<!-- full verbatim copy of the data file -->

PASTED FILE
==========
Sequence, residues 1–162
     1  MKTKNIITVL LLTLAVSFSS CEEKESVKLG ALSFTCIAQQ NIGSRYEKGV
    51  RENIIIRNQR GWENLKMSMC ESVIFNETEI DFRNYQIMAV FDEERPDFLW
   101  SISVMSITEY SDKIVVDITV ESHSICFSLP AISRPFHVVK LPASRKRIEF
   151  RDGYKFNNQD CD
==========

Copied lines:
Sequence, residues 1–162
     1  MKTKNIITVL LLTLAVSFSS CEEKESVKLG ALSFTCIAQQ NIGSRYEKGV
    51  RENIIIRNQR GWENLKMSMC ESVIFNETEI DFRNYQIMAV FDEERPDFLW
   101  SISVMSITEY SDKIVVDITV ESHSICFSLP AISRPFHVVK LPASRKRIEF
   151  RDGYKFNNQD CD